My argument is not just 'there is a reference to the middle at such and such a location, and so it is a reference to the Golden Mean' -- which would be lame. Rather my inductive argument rests upon an accumulation of evidence:
a) By measuring the lengths of speeches and dialogues and by finding parallel concepts at similar relative locations we have evidence that Plato was counting lines, which we know from historical evidence was routine in that context.
b) This is corroborated by independent evidence in the dialogues that they are divided into twelve parts, which would necessitate line-counting.
c) This is corroborated in turn by the musical evidence: by the known importance of the 12-fold-scale, by the correlation between the contents of the passages and the relative harmony of the notes, etc.
d) All this is corroborated by the connections to ancient Pythagoreanism: by their use of 'symbols,' by their doctrines about underlying musical structures, by the assertions that Plato was a Pythagorean, by the neo-Pythagoreans' emphasis upon the 12-fold scale, etc.
At this point we have a strong, general case (much amplified in MSPD) that the dialogues have a stichometric and musical structure. Now we bring that to bear on the specific question of the passages about the Golden Mean:
e) Other scholars have identified the Divided Line as an allusion to the Golden Mean, and have given various, strong arguments of their own.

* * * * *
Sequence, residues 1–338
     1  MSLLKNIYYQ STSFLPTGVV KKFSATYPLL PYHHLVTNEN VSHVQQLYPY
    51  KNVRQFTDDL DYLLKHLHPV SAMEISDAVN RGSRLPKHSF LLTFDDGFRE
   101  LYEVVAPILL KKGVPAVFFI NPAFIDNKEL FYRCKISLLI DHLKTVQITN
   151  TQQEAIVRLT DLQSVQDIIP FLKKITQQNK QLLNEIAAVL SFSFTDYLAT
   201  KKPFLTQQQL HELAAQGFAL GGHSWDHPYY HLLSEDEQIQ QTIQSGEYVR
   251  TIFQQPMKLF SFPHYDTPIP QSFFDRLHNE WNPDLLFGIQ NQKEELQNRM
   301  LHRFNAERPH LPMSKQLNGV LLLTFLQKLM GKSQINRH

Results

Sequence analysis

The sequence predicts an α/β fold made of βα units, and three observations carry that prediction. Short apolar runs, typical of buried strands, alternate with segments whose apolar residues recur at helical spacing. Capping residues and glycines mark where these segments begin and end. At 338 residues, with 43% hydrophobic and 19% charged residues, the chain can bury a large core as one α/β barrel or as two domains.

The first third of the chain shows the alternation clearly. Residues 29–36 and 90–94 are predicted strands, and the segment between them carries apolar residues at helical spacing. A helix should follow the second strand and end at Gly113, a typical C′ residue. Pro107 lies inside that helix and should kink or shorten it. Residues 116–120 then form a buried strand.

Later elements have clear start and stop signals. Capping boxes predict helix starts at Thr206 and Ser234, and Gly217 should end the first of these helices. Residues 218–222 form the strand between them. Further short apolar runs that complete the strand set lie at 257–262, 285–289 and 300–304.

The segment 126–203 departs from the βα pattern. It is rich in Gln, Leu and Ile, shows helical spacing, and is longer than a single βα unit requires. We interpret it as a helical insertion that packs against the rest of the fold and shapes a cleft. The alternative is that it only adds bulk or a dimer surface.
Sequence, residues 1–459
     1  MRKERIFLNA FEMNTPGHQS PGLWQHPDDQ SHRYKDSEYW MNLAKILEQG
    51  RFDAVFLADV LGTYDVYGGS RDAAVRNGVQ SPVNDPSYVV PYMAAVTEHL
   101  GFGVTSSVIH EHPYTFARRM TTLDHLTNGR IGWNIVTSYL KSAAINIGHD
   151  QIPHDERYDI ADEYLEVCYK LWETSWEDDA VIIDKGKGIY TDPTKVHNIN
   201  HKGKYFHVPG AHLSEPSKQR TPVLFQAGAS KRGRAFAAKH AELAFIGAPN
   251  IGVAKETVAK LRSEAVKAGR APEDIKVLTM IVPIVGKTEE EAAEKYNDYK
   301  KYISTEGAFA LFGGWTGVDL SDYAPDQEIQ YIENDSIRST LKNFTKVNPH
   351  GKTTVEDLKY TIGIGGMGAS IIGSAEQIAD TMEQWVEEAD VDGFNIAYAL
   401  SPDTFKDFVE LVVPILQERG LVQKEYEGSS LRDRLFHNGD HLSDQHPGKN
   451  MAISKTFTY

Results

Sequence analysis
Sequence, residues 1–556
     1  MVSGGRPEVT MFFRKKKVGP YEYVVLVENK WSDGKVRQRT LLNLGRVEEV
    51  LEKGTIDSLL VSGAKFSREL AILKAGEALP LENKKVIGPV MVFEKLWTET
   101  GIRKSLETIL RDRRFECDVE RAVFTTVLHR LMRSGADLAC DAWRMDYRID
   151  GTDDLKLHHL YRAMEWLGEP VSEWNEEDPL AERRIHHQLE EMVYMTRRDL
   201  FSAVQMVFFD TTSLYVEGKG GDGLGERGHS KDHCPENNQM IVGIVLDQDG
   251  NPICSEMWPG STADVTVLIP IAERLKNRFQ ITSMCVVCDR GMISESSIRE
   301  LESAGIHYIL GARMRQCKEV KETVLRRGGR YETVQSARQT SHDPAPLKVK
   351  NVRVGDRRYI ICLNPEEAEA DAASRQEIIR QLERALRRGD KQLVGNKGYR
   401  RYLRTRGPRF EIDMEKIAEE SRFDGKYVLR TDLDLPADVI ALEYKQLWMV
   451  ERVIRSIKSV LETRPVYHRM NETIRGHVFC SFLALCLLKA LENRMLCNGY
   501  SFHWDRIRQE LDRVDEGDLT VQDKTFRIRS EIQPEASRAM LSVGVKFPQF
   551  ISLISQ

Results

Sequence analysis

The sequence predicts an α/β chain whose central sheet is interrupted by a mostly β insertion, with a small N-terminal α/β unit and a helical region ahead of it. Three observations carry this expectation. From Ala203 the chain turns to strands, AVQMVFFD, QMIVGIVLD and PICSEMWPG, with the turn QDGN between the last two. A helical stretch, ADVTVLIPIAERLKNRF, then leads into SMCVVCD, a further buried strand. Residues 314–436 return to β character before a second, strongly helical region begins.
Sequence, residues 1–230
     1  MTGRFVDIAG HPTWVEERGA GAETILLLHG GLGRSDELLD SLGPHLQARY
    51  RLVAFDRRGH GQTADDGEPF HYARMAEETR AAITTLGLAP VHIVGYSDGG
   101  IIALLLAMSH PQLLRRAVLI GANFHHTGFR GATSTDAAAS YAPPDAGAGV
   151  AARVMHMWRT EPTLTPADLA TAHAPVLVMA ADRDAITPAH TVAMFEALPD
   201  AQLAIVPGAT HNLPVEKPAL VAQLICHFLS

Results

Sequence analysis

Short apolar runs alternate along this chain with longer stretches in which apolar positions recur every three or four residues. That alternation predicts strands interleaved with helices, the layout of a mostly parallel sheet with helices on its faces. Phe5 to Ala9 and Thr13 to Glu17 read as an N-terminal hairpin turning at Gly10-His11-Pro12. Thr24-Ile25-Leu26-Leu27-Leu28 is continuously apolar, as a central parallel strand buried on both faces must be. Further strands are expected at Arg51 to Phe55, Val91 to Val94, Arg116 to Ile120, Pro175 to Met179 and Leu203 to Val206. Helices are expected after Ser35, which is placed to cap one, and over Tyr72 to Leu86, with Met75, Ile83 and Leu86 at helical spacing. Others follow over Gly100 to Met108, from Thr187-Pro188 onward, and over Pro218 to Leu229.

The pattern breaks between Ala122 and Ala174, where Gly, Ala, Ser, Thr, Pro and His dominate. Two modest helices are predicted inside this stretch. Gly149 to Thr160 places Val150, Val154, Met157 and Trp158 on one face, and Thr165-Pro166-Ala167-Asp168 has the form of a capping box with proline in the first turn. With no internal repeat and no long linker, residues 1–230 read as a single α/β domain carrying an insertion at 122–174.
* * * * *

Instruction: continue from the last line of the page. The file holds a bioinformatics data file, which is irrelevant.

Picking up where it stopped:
f) We know from a variety of sources that the Golden Mean was known about the time Plato was writing, that Proclus may have asserted that Plato derived theorems about it, and that it was important to Pythagorean mathematics (Herz-Fishler).
g) Surprisingly, the Divided Line passage is at a location that corresponds to the value of the Golden Mean.
h) Surprisingly, the Parmenides also has a passage near 61.8 percent with specific similarities to the language of Euclid's definition of the Golden Mean.
i) Less obviously, other dialogues discuss means and middles near that point.
The conclusion from all this is that it is now more probable that the other scholars were correct, and that Plato's tantilizing Divided Line is a deliberate and deliberately vague allusion to the Golden Mean.
Tad Brennan does wonder, quite reasonably, whether all of Plato's references to a middle or the Great and the Small might then count as vague allusions to the Golden Mean. It's true that they demand an explanation. During the last few years I have felt like I was learning a foreign language without a dictionary. I have found that the dialogues are as dense with symbols as the writings of Dante, Spenser, Mann, or Woolf. As Tad Brennan says, we will have to investigate every passage which bears a similarity to the one marking the Golden Mean.
MPSD is a thorough close-reading of the musical symbols throughout the texts of two dialogues, and aims to be a model for such a comprehensive investigation.
A philosopher might say that whenever a single piece of evidence is pushed I fall back on the accumulation of evidence. But this is true, I think, of all inductive arguments and of all symbolic interpretation.
It is difficult to mount an inductive argument because a large body of mutually reinforcing evidence must be adduced. It is correspondingly difficult to criticise an inductive argument because some wholesale or pervasive problem with the evidence must be detected. No such problem has been identified in the body of evidence presented in the Apeiron paper.
6) I thank everyone who made a comment and look forward to continuing this debate.